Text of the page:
I could overhear the American guy in the boarding queue behind me as we waited to get on our plane. "If it ain't Boeing," he was saying to his friend, "I ain't going."
I peered out through the airport window at the plane sitting on the tarmac. Boeing. A 767. Looked like the guy would be going.
That whole "if it ain't Boeing, I ain't going" is a neat little slogan, but for some overly cautious travellers it remains true: if the plane isn't made by Boeing, they don't want to get on board. It's a brand people trust to be safe, after all – you don't even need to think about the record of the company operating the aircraft.
But it's not foolproof. I've thought about that overheard conversation pretty frequently in the past week or so, obviously, ever since a Malaysia Airlines Boeing 777 disappeared from the skies. You can take all the precautions you like, but sometimes things go wrong, even when flying in the safest plane and with one of the world's safer operators. That American guy would have boarded flight MH370.
I would have boarded MH370 too, without doubt. In fact I would have boarded far dodgier aircraft operated by far dodgier companies, and there's no doubt I have done plenty of times in the past as well.
For me, safety isn't a huge concern when I'm booking travel. I like to think of that old analogy, that you're more likely to have an accident on the way to the airport than you are once you board the plane – even if the plane is from the 70s and looks like its wings are about to fall off.
I don't obsess about safety to the point where I'll check the make of the plane I'm flying. In fact I don't even check the safety record of the company I'm flying with. It sounds quite blasé, but for me the defining factor of an airline booking is the price of the ticket.
While some experts claim Malaysia Airlines' brand won't be damaged, I can't see how it won't take a hit from this incident. Flyers of any airline will be a little nervous now. Even worse for Malaysia, if potential customers are pondering who to book their flight with, hovering between tabs on their internet browser, ready to click "confirm", it's unlikely they're going to go with the team that lost an entire 777.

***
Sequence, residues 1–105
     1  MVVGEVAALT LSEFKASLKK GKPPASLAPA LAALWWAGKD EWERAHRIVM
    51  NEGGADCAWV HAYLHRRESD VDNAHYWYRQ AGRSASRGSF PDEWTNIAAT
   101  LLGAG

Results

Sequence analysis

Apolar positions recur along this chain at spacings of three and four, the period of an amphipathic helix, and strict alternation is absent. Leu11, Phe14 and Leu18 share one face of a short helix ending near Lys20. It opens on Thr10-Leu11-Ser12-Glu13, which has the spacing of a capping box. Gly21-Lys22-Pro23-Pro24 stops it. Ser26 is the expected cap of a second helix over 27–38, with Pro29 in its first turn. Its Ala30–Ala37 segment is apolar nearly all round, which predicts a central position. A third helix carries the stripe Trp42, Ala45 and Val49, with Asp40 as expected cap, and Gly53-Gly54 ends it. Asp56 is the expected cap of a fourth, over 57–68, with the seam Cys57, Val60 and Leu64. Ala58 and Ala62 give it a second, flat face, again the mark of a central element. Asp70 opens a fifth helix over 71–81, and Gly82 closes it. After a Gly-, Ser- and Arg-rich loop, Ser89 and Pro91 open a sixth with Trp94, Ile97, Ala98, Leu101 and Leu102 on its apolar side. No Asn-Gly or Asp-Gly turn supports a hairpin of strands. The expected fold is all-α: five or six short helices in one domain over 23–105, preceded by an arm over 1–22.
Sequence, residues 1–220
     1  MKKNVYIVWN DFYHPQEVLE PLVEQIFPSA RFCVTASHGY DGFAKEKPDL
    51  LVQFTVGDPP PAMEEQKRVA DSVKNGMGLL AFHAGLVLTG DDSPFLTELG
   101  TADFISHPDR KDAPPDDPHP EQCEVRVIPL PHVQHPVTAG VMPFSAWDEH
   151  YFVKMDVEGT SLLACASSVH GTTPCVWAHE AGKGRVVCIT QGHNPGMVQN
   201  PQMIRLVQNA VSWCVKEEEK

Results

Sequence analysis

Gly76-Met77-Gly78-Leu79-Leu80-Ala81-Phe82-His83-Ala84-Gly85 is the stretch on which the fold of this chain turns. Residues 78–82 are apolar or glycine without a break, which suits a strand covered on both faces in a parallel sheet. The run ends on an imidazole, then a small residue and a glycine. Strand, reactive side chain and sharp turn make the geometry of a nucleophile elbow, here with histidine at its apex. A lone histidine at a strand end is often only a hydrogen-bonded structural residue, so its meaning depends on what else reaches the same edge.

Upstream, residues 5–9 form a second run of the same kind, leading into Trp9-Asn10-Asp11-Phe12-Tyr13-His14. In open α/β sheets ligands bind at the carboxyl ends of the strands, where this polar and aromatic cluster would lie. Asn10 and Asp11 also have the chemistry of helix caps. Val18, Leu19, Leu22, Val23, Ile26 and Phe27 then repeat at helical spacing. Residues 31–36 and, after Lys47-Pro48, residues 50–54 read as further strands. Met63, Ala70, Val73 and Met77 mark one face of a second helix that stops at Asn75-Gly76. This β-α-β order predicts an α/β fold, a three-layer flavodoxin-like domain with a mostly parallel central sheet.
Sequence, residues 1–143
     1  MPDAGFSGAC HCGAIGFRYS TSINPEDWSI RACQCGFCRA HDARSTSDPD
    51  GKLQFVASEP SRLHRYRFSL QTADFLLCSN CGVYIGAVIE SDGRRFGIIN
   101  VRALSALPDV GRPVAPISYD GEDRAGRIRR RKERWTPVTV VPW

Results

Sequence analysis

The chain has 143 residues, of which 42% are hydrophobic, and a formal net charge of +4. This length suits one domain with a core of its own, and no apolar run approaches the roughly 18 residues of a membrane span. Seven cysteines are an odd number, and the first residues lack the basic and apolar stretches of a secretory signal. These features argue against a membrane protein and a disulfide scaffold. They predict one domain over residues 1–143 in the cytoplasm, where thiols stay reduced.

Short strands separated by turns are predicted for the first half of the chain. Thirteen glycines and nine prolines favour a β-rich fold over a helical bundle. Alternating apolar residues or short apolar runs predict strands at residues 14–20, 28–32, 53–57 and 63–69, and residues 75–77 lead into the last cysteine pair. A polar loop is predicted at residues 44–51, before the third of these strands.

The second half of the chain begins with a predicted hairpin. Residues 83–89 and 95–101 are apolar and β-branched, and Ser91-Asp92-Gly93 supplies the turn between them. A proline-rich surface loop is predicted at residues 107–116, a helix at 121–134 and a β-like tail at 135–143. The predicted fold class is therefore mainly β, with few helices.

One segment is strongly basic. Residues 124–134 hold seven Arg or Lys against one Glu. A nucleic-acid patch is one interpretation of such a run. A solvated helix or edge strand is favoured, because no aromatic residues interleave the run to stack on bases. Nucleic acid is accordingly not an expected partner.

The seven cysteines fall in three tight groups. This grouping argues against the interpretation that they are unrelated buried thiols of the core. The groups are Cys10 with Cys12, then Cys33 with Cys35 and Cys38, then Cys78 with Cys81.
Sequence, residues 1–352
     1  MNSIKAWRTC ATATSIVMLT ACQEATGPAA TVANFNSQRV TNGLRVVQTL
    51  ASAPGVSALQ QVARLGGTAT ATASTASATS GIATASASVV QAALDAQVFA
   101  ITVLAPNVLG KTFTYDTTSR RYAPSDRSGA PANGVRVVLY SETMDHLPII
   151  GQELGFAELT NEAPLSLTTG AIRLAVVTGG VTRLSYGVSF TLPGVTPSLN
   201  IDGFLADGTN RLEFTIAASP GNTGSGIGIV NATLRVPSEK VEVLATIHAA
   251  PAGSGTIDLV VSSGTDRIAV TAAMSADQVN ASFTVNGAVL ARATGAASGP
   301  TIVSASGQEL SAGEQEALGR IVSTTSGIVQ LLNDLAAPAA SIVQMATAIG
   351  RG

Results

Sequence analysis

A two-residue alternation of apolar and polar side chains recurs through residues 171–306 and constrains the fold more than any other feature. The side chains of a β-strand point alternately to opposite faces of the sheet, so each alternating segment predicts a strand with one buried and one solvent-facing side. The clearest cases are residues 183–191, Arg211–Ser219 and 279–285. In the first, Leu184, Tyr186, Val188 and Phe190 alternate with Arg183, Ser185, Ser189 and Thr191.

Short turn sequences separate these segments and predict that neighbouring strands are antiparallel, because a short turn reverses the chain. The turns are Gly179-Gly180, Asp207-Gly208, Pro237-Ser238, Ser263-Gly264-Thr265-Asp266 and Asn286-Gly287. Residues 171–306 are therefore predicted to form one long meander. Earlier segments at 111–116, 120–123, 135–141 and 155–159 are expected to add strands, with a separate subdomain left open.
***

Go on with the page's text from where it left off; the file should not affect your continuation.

But I'm not particularly concerned. If it's cheap, I'll go with anyone.
I'll fly One-Engine Airlines if the price is right. I've never really looked too deeply into safety records, but after having a quick Google just now, it turns out I've flown with some of the world's dodgiest: the likes of Avianca, Egypt Air and Kenya Airways, who all have quite worrying safety records. But I'd go with them again.
I've flown with plenty more companies, too, that have had the potential for danger, or at least ones that don't exactly inspire confidence in the passenger. I've flown Yangon Airways in Myanmar; I've gone domestic with Ethiopian Airlines; I've taken a ride with Aerotucan in Mexico; I've boarded an Aeroflot flight in Russia.
Each journey has brought with it its own particular brand of scary, but in the grand scheme of things the flights have been fine, and I've arrived safely in my destination.
It's a risk, I guess. These planes I've gone with aren't Boeing – they're not Airbus, either. They're unheard-of aircraft being run by sometimes notorious operators, but I'll still take a punt on them, because I'm happy to take on the slim odds of trouble in the air compared to the very good odds of me having more money to spend on things like accommodation and beer when you go with the cheap airline.
That, for me, is the defining factor in booking a flight: price. I don't care if it's Boeing. If it's cheap, I'm going.
Do safety records matter to you when you fly? What's the dodgiest airline you've flown with? Have you had any close calls in the air? Post your comments below.